The beginning of a new year is always looked at as a fresh slate and time of goal setting—even during the COVID-19 crisis. But as we start anew in 2021, should we change how we approach our resolutions? I strongly vote YES on this one.
My wellness goals going into 2021 basically include continuing the healthy habits I picked up during the early days of the pandemic—daily walks and reflection, moving my body in some way, staying hydrated, taking my vitamins, adding collagen peptides to my coffee each morning, etc.
But ultimately, here's the thing: Be proud of yourself for simply making it through the year.
I mean, come on. We're living through a traumatic global pandemic. This sucks—hard.
I know those things mentioned above could be looked at like an active choice to better myself, and they were, but they were also habits I either developed or placed heightened importance on as a coping/survival mechanism during the pandemic. I knew if I didn't center the wellness practices that specifically mattered to me, that my mental, emotional and physical health would undoubtedly suffer.
At times, I let some of these habits sit on the backburner, and I truly felt how their absence clearly influenced how I approached my day. Like any rut, it's not always easy to get out of. Yet through it all, I always strive to forgive myself when I "fail." And hell, I'd be happy to lose a few pounds and really get on track—like many people do in the new year—to a healthier version of myself. Will I do it? Who knows.
All I do know is that I'm not going to be mad at myself if I don't "succeed." I will, however, be mad at myself if I let my gmail inbox climb back above 100,000 emails (hey, we've all got our flaws).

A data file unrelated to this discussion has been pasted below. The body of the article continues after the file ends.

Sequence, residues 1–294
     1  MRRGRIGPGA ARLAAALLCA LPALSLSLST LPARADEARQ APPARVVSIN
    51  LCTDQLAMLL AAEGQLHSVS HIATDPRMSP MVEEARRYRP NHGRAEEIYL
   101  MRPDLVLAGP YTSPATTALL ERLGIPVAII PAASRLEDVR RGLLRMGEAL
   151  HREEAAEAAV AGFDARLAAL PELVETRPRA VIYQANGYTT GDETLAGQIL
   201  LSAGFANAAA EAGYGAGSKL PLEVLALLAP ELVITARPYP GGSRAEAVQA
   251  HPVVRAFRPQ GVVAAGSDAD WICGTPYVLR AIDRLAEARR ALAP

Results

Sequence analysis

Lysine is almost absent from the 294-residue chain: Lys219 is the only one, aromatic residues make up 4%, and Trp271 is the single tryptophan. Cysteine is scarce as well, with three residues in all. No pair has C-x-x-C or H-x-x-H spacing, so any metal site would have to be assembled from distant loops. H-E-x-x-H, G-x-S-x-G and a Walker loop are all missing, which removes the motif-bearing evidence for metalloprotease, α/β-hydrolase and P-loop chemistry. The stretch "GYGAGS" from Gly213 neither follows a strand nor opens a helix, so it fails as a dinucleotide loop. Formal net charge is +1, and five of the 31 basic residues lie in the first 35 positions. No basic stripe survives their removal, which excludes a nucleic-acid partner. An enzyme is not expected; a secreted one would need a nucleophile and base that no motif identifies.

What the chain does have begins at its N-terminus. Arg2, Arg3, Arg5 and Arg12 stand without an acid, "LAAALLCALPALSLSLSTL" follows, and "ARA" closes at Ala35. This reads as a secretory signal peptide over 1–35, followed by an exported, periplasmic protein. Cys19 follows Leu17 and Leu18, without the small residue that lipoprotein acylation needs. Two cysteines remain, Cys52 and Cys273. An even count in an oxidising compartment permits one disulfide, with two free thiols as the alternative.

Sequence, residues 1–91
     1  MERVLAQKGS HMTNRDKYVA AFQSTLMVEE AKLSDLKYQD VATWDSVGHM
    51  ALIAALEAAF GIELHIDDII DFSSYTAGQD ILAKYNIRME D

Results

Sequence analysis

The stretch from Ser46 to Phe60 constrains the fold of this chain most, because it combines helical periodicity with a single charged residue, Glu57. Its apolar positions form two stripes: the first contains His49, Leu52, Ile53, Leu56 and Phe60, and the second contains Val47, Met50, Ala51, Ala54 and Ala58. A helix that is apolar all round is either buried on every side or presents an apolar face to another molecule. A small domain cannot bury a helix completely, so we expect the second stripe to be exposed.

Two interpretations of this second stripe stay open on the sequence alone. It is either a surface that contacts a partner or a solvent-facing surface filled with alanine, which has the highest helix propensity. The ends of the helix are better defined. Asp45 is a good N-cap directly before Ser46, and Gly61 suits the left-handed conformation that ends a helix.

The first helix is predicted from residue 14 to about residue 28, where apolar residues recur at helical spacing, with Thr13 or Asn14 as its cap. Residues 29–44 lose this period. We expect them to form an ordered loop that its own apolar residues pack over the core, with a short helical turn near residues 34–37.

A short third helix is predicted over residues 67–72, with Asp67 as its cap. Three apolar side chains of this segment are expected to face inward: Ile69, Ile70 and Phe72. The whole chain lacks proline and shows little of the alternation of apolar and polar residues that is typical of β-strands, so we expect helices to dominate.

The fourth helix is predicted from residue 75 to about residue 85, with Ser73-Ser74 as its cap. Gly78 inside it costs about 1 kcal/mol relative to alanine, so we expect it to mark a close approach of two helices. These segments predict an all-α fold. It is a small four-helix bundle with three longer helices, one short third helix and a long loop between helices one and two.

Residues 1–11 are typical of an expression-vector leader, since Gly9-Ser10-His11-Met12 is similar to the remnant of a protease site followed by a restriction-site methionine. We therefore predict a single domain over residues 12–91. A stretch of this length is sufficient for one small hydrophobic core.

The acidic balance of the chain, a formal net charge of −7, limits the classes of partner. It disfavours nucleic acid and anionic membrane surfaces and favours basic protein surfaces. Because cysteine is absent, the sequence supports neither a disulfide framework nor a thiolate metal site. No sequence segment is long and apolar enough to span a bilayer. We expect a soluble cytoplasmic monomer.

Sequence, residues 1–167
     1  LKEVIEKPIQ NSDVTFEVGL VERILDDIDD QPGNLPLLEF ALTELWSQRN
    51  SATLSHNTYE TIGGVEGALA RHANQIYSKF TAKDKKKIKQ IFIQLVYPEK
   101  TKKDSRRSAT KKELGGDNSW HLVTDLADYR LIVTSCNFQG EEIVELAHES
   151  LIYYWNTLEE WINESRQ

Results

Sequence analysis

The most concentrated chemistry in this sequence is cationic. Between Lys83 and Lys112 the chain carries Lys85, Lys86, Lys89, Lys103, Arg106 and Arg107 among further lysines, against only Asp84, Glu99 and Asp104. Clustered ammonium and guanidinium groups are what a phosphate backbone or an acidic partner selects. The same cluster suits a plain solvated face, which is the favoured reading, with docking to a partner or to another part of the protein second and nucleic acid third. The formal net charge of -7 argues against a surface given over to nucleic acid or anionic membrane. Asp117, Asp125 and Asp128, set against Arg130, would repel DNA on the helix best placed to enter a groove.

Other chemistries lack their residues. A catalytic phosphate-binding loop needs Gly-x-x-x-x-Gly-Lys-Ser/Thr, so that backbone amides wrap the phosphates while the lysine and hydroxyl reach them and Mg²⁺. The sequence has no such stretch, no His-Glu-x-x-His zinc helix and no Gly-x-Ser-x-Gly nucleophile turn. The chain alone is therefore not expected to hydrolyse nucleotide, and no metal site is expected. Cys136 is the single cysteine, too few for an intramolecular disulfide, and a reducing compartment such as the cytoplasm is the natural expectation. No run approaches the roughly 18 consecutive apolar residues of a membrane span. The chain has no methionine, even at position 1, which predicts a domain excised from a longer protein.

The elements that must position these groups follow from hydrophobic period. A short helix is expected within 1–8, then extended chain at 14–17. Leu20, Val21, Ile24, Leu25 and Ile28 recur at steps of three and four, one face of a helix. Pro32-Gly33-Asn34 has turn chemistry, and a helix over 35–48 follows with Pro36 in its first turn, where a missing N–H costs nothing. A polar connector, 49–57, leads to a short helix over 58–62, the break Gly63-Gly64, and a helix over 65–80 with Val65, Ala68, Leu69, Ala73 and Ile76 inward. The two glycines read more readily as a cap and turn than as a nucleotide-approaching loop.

At the beginning of the pandemic, I thought I might get back into painting like I did in college. Did it happen? No. But that's alright! Did I finally crack open the one book I've been meaning to read for ages at this point? No. That's fine! Do I still have a roof over my head, food on my table, and loving friends and family who are healthy? Yes. And I realize how absolutely incredibly lucky that makes me. Countless others are not so fortunate and have been devastated by unimaginable heartbreak and loss.
It's been inspiring to see the many leaps of faith people have taken this year; new businesses, career changes, home purchases, etc. But if you didn't accomplish anything of this magnitude, I'm here to tell you: It's beyond OK. What you have accomplished is tenacity and resiliency in the face of unknowns that were so unthinkable this time last year. For that, you should be proud of yourself. I know I am!
If you make any resolutions this year, consider making ones that prioritize gracious self-care and help those around you in some way, whether it's giving monetarily, volunteering your time on a regular basis to a cause close to your heart, lending your special skills and talents, or otherwise. Regardless of which direction you choose, be sure to practice grace for yourself and gratitude for others along the way.
The good news is there's a light at the end of the tunnel, thanks to the incredible scientists and frontline workers who have been working tirelessly for months on end. Hang in there, and don't be so hard on yourself. Brighter days are coming.
Written by Sarah Suydam, Managing Editor for West Michigan Woman.